It's been one month since "the perfect storm" tore through new Jersey, toppling trees, pulling down power lines, damaging homes and causing widespread power outages that lasted for days, and in some cases, weeks.
Over the course of the last 30 days since Superstorm Sandy devastated the Jersey Shore and many areas inland, New Jerseyans have showed their strength and unity, vowing to rebuild and joining together to help each other through local and statewide initiatives.
The following is a compilation of images and videos from Union County and the Jersey Shore, depicting the aftermath, the cleanup and the efforts by local residents to be part of the relief effort.
One video was shot by Rutgers University student Brittany McDyer of Cranford and a group of friends from Ramapo College who went down to the Union Beach/Keyport area to help out with relief efforts in the aftermath of Superstorm Sandy.
"The destruction down there was absolutely devastating," McDyer said.
In order to raise awareness about the devastation that the shore towns faced, she and her friends made a video documenting what they saw and experienced in the wake of the storm. McDyer was joined by Kristie and Kellie Walton of Hazlet, Erica LoGiudice, JR Pacifico and Michael Saldida of Mountainside, Savvas Roumelioutis and Jennifer Palacios of Union Beach, Megan Kierce of Matawan and Kristia Takacs if Little Silver.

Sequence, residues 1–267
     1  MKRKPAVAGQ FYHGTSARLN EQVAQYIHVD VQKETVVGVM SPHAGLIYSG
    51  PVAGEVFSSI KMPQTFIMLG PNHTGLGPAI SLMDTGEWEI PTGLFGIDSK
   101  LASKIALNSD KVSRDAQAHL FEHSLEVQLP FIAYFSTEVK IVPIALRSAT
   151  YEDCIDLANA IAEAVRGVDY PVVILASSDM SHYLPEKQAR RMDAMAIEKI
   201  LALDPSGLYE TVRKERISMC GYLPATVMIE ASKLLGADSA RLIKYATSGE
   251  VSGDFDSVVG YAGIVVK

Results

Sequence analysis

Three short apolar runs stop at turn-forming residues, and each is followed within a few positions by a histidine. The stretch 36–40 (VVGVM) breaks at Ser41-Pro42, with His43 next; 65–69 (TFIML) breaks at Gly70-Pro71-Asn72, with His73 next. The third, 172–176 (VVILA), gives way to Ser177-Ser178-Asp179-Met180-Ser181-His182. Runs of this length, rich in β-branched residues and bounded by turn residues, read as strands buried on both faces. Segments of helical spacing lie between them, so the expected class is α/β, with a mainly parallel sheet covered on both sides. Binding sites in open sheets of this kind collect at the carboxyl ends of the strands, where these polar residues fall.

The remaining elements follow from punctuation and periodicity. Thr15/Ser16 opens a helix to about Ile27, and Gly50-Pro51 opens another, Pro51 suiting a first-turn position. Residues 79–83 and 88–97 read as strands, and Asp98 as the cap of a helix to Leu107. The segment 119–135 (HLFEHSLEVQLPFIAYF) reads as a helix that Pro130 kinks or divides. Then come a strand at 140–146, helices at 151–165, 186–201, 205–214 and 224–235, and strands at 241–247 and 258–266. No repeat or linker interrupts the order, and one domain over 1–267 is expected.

"This area is the hometowns of Kristie Walton, Kellie Walton, Savvas Roumelioutis, and many other friends and family," McDyer said. "After seeing all of the damage the hurricane brought to their towns, we all decided to get together and go down to help out in any way we could. We brought down bags and bags of donations drop off donations they collected through requests from their personal Facebook pages."
McDyer said the college students "helped clean up homes on Clarke Avenue which consisted of cleaning up debris to ripping up floors due to water damage."
"The Hurricane washed away the natives' homes, towns, and memories. All forms of donations are welcomed, but the victims of Hurricane Sandy need money to be able to rebuild their homes and lives," McDyer added. "Every penny counts."